North Korea

Democratic Party politicians and media outlets that reflect their positions have attacked President Donald Trump on certain issues with arguments to the right of him.

One example is United States policy on North Korea. Trump has been taken to task for meeting with Kim Jong-un and initiating discussions with North Korea over its possession of nuclear weapons and missiles to deliver them.

The charge is that even meeting with Kim was wrong because it allegedly legitimises and “prettifies” him.

The intra-Korea summit on April 27 may well be recorded as historic, writes Youngsu Won from Seoul, but questions remain about how stable any peace that emerges will be.

The Panmunjeom Declaration signed by Kim Jong-un and Moon Jae-in clearly signifies Korea’s transition to peaceful coexistence. This development is welcomed by all except for anti-communist hysterical lunatics, nationally and internationally.

Donald Trump devoted a large section of the end of his State of the Union address on Tuesday night to North Korea.

Anyone who was paying attention during George W Bush’s State of the Union addresses in 2002 and 2003 would have found Trump’s statements frighteningly familiar: Trump used exactly the same justifications for war with North Korea as Bush had for war with Iraq when standing at the same podium.

It is an understatement to say that relations between the US and North Korea are very tense.

The US government continues to threaten to further tighten economic sanctions on North Korea, and launch a military attack to destroy the country’s missiles and nuclear weapons infrastructure. For its part, the North says it will respond to any attack with its own strikes against US bases in the region and even the US itself.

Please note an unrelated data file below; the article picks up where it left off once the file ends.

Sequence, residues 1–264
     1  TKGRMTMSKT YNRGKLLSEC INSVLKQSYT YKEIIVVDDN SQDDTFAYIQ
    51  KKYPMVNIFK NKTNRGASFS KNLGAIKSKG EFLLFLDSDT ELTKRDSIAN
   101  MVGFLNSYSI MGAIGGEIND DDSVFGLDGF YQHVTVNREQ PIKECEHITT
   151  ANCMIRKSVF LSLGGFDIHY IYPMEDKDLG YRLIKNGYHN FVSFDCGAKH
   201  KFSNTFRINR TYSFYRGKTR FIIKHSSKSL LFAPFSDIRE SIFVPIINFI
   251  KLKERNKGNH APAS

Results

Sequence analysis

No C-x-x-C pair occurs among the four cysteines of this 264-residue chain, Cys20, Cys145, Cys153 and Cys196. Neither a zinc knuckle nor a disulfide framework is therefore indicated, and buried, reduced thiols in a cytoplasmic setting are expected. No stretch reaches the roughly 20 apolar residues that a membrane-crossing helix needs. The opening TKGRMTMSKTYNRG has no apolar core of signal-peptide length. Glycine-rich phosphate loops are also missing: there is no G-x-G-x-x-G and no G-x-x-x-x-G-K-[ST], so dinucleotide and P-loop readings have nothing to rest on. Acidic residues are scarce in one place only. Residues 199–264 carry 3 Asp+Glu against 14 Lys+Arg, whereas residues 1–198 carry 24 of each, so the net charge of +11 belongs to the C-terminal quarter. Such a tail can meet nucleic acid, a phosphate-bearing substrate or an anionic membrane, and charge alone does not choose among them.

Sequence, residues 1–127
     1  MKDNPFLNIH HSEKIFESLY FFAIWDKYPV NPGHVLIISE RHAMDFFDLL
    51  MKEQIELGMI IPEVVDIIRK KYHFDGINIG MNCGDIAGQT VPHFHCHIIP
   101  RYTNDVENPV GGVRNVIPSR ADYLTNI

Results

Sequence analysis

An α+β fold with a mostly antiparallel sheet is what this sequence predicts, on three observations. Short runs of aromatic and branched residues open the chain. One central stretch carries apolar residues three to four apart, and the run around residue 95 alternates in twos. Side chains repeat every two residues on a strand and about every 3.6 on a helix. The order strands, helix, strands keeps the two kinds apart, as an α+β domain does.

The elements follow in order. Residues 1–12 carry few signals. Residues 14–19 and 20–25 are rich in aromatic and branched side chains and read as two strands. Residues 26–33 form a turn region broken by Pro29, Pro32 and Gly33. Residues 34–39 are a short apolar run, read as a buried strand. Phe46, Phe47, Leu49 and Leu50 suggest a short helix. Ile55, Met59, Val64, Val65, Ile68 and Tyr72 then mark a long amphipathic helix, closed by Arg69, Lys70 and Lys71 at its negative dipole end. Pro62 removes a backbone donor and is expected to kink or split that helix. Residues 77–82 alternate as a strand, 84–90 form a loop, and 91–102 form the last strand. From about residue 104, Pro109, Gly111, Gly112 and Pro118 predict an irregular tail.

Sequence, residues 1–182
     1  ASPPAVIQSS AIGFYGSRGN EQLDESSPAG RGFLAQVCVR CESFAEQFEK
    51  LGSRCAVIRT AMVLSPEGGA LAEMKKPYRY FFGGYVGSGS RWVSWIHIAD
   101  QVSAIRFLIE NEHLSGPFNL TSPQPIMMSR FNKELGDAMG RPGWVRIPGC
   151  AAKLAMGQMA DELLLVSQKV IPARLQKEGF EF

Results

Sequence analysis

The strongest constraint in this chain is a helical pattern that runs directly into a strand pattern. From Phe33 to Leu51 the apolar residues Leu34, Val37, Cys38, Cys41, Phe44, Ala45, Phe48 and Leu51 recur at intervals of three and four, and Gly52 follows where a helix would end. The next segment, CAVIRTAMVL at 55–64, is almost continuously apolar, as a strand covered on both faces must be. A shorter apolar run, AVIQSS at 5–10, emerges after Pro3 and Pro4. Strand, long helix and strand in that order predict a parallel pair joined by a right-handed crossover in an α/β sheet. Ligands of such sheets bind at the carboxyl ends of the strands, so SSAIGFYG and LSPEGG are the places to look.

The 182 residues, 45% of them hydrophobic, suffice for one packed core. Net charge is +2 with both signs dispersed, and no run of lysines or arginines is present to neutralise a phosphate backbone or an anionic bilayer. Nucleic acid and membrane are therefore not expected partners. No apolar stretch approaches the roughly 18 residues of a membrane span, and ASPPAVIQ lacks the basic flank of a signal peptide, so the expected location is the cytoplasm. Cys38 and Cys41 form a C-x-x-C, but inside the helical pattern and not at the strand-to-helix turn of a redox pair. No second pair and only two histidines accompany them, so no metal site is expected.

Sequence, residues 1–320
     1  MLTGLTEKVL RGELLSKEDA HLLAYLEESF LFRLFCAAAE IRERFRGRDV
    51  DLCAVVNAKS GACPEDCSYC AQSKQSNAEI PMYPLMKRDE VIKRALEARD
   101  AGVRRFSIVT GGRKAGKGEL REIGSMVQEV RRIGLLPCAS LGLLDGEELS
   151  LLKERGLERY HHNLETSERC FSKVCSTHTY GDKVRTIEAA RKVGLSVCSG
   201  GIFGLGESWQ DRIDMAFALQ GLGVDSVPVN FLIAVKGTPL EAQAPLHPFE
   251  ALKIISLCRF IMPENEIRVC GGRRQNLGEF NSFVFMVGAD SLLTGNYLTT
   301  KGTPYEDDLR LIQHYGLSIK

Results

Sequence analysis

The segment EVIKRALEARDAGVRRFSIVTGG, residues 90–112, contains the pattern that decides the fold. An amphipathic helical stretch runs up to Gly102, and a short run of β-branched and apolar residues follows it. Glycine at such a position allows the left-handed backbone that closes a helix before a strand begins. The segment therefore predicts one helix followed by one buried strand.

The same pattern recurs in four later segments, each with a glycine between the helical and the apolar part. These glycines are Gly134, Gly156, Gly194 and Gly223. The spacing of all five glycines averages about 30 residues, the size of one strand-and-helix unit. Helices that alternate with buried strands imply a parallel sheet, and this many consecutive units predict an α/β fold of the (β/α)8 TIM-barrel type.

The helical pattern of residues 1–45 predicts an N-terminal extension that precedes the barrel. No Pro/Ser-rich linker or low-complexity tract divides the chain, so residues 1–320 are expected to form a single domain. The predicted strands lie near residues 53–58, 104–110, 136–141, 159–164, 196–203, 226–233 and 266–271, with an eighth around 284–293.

Over the past three months, the world has watched the escalating tensions between North Korea and the United States with growing alarm. North Korea has continued to develop its nuclear weapons program since first testing an intercontinental ballistic missile (ICBM) on July 4.

It is unlikely either side is planning to start a nuclear war, but the situation could escalate out of control and lead to a conflict involving nuclear weapons. This would have unthinkable humanitarian and environmental consequences.

Yet the arms companies that make such a conflict possible are benefitting from the increased threat of nuclear war, along with their investors.

US President Donald Trump made the unprecedented threat to “totally destroy” North Korea, not in a tweet or off the cuff remark, but in a written speech before the United Nations General Assembly on September 20. No other leader of a country has ever stood before the UN and openly stated its intention to destroy another country. 

Coupled with Trump’s earlier threat to rain down “fire and fury” on North Korea, this threat must be seen as one that at least includes the possibility of a nuclear attack.

The threat by US President Donald Trump to unleash nuclear war against North Korea is not a Trumpian “excess”.

That has been made clear by his Secretary of Defense, retired Marine General James Mattis, who backed Trump. The administration is demanding that North Korea freeze its nuclear program, including the testing of missiles.

Many commentators in the US and elsewhere have poured cold water on the idea there could be a short term war between the US and North Korea.